President Bush’s tax panel on Tuesday endorsed a drastically simplified income tax system that envisions eliminating most deductions, credits, savings incentives and other tax breaks, replacing them with a few simpler benefits.
Taxpayers would pay roughly the same amount of tax under the simplified system as they do now, panel members said. But most of the confusing tax paperwork would be gone, and complex tax equations that baffle taxpayers would be simplified.
“I don’t think it’s a small move in this direction, I think it’s a huge move,” said Charles O. Rossotti, panel member and former Internal Revenue Service commissioner.
The White House made no commitment to stick to the panel’s recommendation when forwarding its tax-simplification proposal to Congress, a move Bush spokesman Scott McClellan said is not expected before next year.
“We’re going to take into account all the work that they have done and the recommendations that they are making,” McClellan said. “We share a common goal of reforming our tax code to make it simpler and fairer.”
The President’s Advisory Panel on Federal Tax Reform is tasked with making multiple recommendations for different tax methods that make income taxes a fairer, simpler and more economically productive system. Its final report is due Nov. 1.
The plan includes savings accounts for retirement and major family expenses very similar to a proposal put forward by President Bush.
The panel would shrink the number of income tax rates from six to four and put 75 percent of individuals and families in the bottom 15 percent tax bracket.
The proposal abolishes the alternative minimum tax, a levy designed to prevent the wealthy from evading taxes but which is increasingly creeping into the middle class. Individuals would not pay tax on roughly three-quarters of the capital gains on corporate stock.
However, the federal tax deduction for state and local taxes paid would disappear — a proposal immediately denounced by a Democratic senator on the Senate Finance Committee, which has jurisdiction over tax legislation. Myriad personal and family tax breaks would be replaced with one family credit. Income tests designed to keep most current tax breaks within the middle class would be eliminated, letting wealthier individuals and families benefit.
Benefits and savings accounts for retirement, health and education would be eliminated in favor of three savings accounts, all funded with taxed income that would be allowed to grow and be withdrawn tax free.
One account would let workers save for retirement through their employers. Taxpayers could also put $10,000 every year into each of two accounts, one for retirement and the other for health, education and home-buying expenses. Low income taxpayers could get a savers credit worth up to $500.
The plan incorporates two ideas discussed at the panel’s last meeting, when the commission’s nine members decided that two of the biggest and most popular tax breaks benefit the wealthy more than moderate- and low-income families. One resulting change converts the mortgage interest deduction to a credit, while also limiting the size of eligible mortgages to the area’s mortgage limit as set by the Federal Housing Administration.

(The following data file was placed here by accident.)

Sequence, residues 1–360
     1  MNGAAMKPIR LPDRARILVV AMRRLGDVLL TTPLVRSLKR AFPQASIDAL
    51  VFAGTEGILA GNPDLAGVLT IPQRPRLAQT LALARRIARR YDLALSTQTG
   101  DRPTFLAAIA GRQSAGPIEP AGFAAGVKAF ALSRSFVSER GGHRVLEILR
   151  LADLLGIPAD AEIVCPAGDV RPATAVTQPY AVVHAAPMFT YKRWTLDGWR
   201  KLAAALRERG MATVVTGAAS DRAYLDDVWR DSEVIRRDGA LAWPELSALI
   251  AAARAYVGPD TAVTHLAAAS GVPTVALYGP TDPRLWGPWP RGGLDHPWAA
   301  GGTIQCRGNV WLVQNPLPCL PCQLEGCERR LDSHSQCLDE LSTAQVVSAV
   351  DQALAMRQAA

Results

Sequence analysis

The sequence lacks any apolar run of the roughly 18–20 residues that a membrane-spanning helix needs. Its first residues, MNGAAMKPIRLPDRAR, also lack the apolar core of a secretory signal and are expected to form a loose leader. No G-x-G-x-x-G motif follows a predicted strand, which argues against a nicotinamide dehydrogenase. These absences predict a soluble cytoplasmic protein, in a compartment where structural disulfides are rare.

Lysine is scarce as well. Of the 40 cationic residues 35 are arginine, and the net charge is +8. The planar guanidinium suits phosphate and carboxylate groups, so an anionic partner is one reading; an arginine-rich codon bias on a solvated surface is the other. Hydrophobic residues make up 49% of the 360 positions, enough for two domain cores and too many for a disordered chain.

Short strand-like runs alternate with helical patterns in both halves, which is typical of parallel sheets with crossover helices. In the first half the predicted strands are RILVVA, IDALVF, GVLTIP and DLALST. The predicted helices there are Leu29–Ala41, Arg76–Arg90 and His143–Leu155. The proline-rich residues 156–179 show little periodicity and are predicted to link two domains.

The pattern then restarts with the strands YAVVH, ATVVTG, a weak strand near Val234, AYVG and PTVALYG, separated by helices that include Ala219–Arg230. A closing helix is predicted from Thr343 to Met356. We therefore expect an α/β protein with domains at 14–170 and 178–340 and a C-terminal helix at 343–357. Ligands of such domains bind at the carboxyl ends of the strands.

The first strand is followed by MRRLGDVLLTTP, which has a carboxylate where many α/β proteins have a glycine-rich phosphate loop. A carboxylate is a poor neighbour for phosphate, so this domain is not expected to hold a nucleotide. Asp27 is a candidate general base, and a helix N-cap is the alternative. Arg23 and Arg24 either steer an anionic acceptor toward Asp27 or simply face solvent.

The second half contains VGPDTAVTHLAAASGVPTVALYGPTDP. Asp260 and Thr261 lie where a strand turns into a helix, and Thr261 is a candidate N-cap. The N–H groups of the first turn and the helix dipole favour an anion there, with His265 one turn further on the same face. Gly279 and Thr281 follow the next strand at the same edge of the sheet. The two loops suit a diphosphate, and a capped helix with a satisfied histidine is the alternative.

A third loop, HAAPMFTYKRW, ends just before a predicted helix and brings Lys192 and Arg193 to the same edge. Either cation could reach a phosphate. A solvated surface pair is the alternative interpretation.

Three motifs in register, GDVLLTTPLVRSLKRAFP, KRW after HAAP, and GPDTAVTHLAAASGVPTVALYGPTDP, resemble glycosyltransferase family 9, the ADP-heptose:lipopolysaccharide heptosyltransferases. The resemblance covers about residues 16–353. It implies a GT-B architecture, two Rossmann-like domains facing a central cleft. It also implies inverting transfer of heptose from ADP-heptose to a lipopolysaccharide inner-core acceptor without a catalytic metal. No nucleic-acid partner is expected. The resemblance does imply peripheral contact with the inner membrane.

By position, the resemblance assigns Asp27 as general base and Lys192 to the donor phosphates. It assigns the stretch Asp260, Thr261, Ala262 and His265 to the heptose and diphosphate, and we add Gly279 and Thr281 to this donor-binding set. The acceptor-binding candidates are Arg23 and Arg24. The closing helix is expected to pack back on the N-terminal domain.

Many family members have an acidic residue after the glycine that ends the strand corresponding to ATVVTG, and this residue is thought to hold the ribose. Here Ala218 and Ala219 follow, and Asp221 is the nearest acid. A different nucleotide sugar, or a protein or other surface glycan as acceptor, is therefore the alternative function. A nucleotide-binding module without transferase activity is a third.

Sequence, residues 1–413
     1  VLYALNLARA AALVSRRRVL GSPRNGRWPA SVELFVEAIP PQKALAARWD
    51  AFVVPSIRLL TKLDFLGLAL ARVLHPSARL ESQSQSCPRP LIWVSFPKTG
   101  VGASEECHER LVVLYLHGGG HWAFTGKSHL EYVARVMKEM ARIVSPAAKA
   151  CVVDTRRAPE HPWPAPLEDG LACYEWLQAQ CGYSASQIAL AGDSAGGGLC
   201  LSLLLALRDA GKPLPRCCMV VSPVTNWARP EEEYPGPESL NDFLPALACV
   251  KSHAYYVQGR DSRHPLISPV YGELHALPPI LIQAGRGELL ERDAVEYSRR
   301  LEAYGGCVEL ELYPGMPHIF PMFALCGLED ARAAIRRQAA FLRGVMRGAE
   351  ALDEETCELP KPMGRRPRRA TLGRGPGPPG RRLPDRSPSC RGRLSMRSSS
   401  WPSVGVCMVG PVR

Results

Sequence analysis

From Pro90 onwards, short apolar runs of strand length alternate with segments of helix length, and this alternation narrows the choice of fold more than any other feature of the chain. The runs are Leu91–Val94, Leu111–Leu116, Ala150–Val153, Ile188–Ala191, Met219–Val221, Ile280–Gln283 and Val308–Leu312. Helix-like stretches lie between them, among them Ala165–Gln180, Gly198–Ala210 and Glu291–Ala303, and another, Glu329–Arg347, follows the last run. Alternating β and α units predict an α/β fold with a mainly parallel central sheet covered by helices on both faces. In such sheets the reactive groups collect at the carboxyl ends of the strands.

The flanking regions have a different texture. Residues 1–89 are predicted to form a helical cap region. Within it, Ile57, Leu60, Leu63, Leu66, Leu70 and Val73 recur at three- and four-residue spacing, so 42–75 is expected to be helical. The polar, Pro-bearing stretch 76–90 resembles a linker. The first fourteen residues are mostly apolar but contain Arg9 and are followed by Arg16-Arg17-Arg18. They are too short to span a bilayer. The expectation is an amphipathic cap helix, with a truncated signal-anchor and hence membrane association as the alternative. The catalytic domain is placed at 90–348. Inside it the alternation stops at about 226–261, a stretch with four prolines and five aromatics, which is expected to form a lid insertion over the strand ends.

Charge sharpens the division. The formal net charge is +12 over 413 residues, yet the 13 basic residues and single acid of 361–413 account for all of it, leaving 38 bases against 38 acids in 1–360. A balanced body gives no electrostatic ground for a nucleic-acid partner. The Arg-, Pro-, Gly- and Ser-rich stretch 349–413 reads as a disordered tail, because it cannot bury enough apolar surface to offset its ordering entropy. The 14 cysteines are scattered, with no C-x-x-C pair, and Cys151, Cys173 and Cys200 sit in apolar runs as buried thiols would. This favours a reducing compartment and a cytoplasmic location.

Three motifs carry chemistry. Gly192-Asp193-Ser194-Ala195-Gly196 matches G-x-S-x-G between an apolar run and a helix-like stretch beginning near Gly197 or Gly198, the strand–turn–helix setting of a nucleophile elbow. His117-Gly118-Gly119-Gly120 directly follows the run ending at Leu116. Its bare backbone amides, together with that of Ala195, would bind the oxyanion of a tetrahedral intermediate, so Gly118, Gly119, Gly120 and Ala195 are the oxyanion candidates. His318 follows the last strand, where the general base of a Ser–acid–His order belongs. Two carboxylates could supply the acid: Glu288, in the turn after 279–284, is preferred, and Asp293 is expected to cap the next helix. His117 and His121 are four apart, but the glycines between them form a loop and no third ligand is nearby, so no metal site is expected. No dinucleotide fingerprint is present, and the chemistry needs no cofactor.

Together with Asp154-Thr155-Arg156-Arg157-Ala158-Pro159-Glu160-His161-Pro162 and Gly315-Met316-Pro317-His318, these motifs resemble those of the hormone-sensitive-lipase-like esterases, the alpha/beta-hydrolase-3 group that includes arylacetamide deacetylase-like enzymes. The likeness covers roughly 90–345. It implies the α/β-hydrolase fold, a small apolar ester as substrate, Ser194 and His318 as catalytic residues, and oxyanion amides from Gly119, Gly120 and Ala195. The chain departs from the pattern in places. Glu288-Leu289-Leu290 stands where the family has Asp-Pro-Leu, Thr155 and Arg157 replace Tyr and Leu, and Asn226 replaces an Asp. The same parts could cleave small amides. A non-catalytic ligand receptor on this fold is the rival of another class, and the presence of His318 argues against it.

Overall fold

It also caps unlimited deductions for health insurance that businesses provided to workers, setting the tax-free limit at $11,500 for families and $5,000 for individuals — the size of the benefit provided to members of Congress. Other fringe benefits for employees, like child care and life insurance, would be taxed.
It retains the earned income tax credit, a benefit designed to lift the working poor out of poverty, but gives workers the option of letting the IRS make that complicated calculation.
The panel also recommended a proposal blending that simpler income tax system with elements of consumption tax, promoted by some economists as the best way to spur economic growth. A key change would give businesses more investment incentives by letting them immediately write off the cost of new equipment.
“The whole economic pie would be larger,” said James Poterba, a panel member and economics professor at the Massachusetts Institute of Technology.
A few members, however, had concerns that wealthy taxpayers with a lot of investment income would benefit most from some elements, such as a 15 percent tax rate on capital gains and dividends.
Sen. Chuck Schumer, D-N.Y., a member of the Senate Finance Committee, denounced the proposal, saying, “It’s hard to conceive of something that could hurt New York more than the elimination of state and local tax deductibility. ... We will do everything in our power to defeat this pernicious proposal.”
Elizabeth Garrett, a law professor from the University of Southern California, said she wanted to examine the amount paid by taxpayers at various income levels to be “at least content that we do no worse.”